“They want to be able to go online and take care of everything they need to without having to interact with a real person if they can,” Rubenich said.

It saves time for city staff as well, sparing them from repeatedly fielding calls for information that can easily be found on the website.

Having a strong website is important for cities and counties in the modern era, Rubenich said.

“I know that personally if there’s a company or a city that I want to go to if they don’t have a website, it kind of makes me think, ‘Why not?’ and ‘Are you legit?’” she said.

The city of Louisburg is another CivicPlus client, and communications coordinator Jean Carder said an intense hail storm that struck the region last year showed how valuable it is to have a sophisticated website.

“When the hail storm went through and roofers started showing up, they didn’t necessarily have to come into the office to get their permits,” Carder said. “They could fill it out online and email it to the guy that handles the permit. It makes it easier to do business with the city.”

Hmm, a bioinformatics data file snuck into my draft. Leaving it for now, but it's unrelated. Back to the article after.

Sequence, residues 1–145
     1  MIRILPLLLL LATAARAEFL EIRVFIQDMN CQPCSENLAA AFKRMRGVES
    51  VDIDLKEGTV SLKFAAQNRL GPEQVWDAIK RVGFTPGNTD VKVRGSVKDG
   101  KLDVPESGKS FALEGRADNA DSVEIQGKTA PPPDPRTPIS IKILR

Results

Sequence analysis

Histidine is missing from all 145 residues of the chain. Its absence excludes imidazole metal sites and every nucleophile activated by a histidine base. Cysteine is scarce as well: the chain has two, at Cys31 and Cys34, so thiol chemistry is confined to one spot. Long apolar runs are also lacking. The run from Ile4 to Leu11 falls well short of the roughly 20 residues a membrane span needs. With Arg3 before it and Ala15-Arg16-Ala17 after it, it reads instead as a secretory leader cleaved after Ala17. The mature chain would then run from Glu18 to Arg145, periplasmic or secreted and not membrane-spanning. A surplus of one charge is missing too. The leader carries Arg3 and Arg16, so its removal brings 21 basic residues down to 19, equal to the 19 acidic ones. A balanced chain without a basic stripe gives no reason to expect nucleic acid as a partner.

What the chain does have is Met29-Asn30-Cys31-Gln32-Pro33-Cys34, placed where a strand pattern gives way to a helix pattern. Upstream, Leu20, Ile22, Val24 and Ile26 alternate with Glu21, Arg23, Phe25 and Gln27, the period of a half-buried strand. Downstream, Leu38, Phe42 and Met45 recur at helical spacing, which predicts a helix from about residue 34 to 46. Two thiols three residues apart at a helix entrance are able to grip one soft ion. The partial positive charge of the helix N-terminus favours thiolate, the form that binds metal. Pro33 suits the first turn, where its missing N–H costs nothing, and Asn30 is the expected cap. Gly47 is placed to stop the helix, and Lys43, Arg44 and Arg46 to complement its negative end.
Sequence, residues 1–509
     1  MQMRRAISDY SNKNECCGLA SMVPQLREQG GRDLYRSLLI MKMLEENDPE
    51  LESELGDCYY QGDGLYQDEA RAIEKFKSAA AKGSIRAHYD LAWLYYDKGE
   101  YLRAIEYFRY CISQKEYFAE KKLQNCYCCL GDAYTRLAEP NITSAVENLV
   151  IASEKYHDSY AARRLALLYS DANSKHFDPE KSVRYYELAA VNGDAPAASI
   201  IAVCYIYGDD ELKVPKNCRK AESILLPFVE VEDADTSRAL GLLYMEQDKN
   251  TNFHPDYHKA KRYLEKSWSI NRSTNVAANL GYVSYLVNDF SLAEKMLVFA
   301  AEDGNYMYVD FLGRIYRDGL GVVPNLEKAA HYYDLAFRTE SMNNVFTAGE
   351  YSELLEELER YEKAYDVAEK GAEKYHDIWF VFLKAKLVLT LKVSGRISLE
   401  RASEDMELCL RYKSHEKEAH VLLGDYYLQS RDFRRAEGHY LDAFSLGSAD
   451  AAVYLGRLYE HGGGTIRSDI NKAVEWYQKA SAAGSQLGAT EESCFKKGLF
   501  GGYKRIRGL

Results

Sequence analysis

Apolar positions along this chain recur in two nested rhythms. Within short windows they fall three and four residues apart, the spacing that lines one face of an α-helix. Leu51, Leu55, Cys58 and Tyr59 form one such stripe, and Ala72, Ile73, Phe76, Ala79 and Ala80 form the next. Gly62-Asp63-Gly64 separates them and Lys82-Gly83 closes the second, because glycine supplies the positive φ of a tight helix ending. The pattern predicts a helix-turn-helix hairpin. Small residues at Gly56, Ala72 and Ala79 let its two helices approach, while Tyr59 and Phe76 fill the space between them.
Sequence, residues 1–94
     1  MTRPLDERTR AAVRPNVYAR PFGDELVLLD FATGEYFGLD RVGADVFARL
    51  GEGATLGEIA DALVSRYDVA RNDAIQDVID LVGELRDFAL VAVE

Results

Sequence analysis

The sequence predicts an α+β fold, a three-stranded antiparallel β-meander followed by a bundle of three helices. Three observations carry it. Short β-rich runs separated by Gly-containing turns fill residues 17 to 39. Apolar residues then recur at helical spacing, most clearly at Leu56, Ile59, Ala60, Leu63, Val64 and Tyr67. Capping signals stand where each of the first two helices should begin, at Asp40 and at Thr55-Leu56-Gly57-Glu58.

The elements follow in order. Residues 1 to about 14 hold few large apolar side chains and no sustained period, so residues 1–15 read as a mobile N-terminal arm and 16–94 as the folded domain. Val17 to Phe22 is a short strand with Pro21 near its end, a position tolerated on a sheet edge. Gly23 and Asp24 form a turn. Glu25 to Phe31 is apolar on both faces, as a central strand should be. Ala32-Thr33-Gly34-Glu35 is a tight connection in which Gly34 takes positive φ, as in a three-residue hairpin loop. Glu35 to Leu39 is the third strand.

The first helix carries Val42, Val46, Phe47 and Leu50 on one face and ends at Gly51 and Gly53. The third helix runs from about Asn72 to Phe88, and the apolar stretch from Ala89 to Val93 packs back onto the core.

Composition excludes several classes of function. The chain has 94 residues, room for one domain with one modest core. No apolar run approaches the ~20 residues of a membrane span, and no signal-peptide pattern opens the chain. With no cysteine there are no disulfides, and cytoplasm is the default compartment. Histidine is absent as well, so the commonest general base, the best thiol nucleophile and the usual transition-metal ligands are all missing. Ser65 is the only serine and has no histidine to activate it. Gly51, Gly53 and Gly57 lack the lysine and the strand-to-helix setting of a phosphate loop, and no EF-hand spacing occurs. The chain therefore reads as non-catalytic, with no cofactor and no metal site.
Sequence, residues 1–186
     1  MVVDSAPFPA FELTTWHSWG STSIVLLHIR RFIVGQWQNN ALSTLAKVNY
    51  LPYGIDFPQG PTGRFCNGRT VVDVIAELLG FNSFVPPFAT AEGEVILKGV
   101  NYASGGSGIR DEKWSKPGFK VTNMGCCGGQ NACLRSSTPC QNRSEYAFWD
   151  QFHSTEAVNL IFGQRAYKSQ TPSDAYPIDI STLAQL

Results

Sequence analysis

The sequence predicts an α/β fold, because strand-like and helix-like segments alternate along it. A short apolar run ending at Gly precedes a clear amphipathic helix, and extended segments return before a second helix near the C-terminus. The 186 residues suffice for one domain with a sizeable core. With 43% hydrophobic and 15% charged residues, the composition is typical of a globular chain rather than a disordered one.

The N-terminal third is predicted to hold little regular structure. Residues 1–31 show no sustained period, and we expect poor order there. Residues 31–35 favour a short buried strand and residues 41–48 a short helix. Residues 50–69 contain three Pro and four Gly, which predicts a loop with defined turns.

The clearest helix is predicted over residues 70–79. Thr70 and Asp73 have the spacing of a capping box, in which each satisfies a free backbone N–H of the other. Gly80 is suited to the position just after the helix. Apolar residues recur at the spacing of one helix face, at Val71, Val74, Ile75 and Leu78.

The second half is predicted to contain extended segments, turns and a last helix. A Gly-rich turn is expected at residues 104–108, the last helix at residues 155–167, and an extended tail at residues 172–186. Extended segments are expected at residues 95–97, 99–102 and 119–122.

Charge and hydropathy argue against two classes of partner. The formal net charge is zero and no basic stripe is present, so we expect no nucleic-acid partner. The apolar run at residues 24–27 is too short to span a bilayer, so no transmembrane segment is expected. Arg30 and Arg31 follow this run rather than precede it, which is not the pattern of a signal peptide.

Business is booming

As local governments recognize the need to offer more on their websites, business is booming for CivicPlus. The company has grown 30 percent a year for the past several years and Ohler said similar growth is anticipated “for the foreseeable future.”

“As our clients are looking at new ways to utilize technology and really figure out how to lead change inside their organizations, it has forced us to become more than just tech experts, but become experts in local government as well.

Sascha Ohler, VP Research & Development, CivicPlus

CivicPlus now has 3,800 clients around the world, including more than 175 in Kansas. The company has grown to 350 “team members,” with 280 of them working in Manhattan.